In the flow charts above, one or more of the methods are embodied in a computer readable medium containing computer readable code such that a series of steps are performed when the computer readable code is executed on a computing device. In some implementations, certain steps of the methods are combined, performed simultaneously or in a different order, or perhaps omitted, without deviating from the spirit and scope of the invention. Thus, while the method steps are described and illustrated in a particular sequence, use of a specific sequence of steps is not meant to imply any limitations on the invention. Changes may be made with regards to the sequence of steps without departing from the spirit or scope of the present invention. Use of a particular sequence is therefore, not to be taken in a limiting sense, and the scope of the present invention is defined only by the appended claims.

As will be further appreciated, the processes in embodiments of the present invention may be implemented using any combination of software, firmware or hardware. As a preparatory step to practicing the invention in software, the programming code (whether software or firmware) will typically be stored in one or more machine readable storage mediums such as fixed (hard) drives, diskettes, optical disks, magnetic tape, semiconductor memories such as ROMs, PROMs, etc., thereby making an article of manufacture in accordance with the invention. The article of manufacture containing the programming code is used by either executing the code directly from the storage device, by copying the code from the storage device into another storage device such as a hard disk, RAM, etc., or by transmitting the code for remote execution using transmission type media such as digital and analog communication links. The methods of the invention may be practiced by combining one or more machine-readable storage devices containing the code according to the present invention with appropriate processing hardware to execute the code contained therein. An apparatus for practicing the invention could be one or more processing devices and storage systems containing or having network access to program(s) coded in accordance with the invention.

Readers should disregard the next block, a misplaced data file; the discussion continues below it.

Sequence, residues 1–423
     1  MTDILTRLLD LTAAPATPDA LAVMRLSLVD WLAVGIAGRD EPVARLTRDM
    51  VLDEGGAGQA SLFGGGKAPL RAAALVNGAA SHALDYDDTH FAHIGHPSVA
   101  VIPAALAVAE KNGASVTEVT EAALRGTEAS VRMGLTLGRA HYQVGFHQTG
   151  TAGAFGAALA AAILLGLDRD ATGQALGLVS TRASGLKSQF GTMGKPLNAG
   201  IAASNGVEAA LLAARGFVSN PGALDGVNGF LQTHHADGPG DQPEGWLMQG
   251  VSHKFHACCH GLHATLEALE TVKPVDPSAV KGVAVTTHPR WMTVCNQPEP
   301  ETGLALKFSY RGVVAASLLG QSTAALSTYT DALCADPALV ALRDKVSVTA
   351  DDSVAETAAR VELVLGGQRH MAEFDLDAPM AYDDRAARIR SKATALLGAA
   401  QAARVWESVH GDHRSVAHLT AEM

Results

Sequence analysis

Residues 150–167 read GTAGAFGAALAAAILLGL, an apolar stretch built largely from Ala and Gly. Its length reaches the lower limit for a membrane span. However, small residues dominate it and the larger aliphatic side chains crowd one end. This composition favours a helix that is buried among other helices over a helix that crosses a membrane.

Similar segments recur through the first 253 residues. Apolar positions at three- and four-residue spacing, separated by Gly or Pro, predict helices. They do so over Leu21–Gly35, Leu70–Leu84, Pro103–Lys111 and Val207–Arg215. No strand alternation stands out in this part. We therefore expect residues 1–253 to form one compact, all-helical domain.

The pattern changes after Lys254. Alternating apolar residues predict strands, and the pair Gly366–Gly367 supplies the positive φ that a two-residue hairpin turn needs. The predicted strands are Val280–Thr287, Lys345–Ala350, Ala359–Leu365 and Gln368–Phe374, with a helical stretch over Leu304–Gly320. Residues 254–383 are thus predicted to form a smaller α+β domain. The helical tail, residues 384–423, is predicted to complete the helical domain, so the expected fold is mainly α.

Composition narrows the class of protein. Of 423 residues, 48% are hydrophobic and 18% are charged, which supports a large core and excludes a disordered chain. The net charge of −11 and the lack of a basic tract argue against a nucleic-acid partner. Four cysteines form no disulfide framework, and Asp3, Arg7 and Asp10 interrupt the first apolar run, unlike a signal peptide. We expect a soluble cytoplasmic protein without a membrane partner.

Thus, it is important that while an illustrative embodiment of the present invention is described in the context of a fully functional computer (server) system with installed (or executed) software, those skilled in the art will appreciate that the software aspects of an illustrative embodiment of the present invention are capable of being distributed as a program product in a variety of forms, and that an illustrative embodiment of the present invention applies equally regardless of the particular type of media used to actually carry out the distribution. By way of example, a non exclusive list of types of media, includes recordable type (tangible) media such as floppy disks, thumb drives, hard disk drives, CD ROMs, DVDs, and transmission type media such as digital and analogue communication links.

While the invention has been described with reference to exemplary embodiments, it will be understood by those skilled in the art that various changes may be made and equivalents may be substituted for elements thereof without departing from the scope of the invention. In addition, many modifications may be made to adapt a particular system, device or component thereof to the teachings of the invention without departing from the essential scope thereof. Therefore, it is intended that the invention not be limited to the particular embodiments disclosed for carrying out this invention, but that the invention will include all embodiments falling within the scope of the appended claims. Moreover, the use of the terms first, second, etc. do not denote any order or importance, but rather the terms first, second, etc. are used to distinguish one element from another.

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Classifications
U.S. Classification717/173, 717/170, 717/178, 717/122
International ClassificationG06F9/44, G06F9/445
Cooperative ClassificationG06F8/68
European ClassificationG06F8/68
Legal Events
DateCodeEventDescription
Oct 2, 2007ASAssignment
Owner name: INTERNATIONAL BUSINESS MACHINES CORPORATION, NEW Y
Free format text: ASSIGNMENT OF ASSIGNORS INTEREST;ASSIGNOR:HUESTIS, JONATHAN M.;REEL/FRAME:019909/0127
Effective date: 20070928